The next stage occurs as time passes and the market communicates to the seller that the price they want, is not the price they are going to get.  It isn’t unusual to see listing agents fired during this stage, as the seller decides that it wasn’t the price or their property, it was their agent.

Regardless of whether the same listing agent continues to work with the seller, we often see small price drops.  These small price drops fail to make an impact on the market as the buyers who previously saw the listing see that an overpriced property is still somewhat overpriced.  This is a version of death by a thousand cuts, as rather than doing a substantial (over 10% is often necessary) price drop, the listing lowers bit by bit over time.

Such price drops are often followed by a lengthy period of time on the market.  Either the seller or their agent (or both) dig in their heels and decide that it isn’t the price or the market, it’s the cheap people who are making offers.  Sellers can take lower offers personally and look for any evidence that reinforces their belief that it is worth the price they are asking.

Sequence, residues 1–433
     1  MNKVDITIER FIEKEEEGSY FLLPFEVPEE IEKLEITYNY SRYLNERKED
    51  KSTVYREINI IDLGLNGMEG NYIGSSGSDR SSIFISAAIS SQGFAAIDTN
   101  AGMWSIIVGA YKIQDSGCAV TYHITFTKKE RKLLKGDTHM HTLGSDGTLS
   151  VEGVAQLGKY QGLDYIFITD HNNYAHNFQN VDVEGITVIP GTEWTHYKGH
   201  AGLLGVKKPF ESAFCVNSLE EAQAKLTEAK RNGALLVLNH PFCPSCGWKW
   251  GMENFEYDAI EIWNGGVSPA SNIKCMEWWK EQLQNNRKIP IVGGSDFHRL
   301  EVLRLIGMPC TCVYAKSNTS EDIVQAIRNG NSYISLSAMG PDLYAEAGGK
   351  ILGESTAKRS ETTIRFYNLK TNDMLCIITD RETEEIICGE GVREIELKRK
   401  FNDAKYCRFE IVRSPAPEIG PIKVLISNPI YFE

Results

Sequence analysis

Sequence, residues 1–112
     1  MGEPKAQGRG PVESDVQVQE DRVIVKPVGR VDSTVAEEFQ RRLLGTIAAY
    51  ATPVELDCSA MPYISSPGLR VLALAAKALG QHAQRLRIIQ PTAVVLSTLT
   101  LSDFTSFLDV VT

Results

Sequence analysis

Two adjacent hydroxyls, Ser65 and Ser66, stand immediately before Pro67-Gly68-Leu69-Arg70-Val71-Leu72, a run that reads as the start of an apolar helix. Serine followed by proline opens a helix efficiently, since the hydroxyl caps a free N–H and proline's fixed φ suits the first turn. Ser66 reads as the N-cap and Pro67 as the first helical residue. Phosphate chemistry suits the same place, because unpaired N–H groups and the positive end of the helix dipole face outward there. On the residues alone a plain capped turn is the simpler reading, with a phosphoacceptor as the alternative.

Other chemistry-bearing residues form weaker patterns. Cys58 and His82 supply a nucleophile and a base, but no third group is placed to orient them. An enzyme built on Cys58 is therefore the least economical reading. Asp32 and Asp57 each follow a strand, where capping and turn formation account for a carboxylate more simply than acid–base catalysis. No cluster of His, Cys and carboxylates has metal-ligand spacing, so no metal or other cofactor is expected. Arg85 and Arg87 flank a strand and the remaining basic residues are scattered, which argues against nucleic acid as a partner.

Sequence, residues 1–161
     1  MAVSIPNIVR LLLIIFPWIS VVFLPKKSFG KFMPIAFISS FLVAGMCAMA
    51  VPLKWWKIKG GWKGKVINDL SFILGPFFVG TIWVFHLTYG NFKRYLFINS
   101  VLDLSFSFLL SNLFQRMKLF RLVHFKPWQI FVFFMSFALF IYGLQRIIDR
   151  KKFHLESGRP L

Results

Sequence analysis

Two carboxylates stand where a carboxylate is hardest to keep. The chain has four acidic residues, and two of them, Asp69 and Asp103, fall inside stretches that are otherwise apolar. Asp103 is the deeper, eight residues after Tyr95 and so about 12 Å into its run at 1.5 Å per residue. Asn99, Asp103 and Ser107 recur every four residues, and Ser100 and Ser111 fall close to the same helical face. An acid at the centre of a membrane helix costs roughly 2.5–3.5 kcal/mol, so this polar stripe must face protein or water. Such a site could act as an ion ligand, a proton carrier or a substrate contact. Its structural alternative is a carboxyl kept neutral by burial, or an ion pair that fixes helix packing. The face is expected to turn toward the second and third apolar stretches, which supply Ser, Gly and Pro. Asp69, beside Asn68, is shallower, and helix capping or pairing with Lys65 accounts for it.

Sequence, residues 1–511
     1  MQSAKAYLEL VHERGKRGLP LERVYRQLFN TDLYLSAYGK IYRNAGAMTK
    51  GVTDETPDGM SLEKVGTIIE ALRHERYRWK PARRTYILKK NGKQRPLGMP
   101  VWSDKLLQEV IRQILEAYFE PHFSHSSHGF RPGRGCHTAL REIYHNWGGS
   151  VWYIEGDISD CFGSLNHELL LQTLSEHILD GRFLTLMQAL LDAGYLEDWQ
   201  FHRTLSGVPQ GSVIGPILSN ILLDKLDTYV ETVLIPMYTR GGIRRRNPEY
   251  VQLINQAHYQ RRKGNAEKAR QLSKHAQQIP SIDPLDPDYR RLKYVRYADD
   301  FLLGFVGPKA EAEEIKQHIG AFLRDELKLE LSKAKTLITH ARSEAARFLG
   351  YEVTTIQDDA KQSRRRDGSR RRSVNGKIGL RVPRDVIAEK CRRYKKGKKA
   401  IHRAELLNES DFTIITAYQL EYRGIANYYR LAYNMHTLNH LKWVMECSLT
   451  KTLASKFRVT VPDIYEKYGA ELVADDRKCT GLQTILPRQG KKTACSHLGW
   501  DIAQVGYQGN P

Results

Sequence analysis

In our listing example, after another 10 days on the market at $1,395,000, the seller agreed to a second price drop, this time down to $1,295,000.  That’s a $100K price drop, or about 7% off their most recent list price.  While these are sizeable price drops ($150K the first time, $100K this second time), the message that is communicated to the market is that the home was significantly overpriced.  If they had done a $250K price drop after the initial listing period of 10 days, it is likely that they might have sold it.  Instead, buyers saw a price drop every 10 days and decided to wait it out.

Stage Three – Resignation

This final stage can take a while to occur, but it is easy to recognize as the home only sells when the seller abandons their overly high price expectations and accepts an offer.

Sometimes the resignation period involves one final price drop, but it can also just be seen in a sale price that is significantly below their current, final listing price.  In either case, the sale price that is realized is significantly lower than the initial asking price and it took quite a while to get there.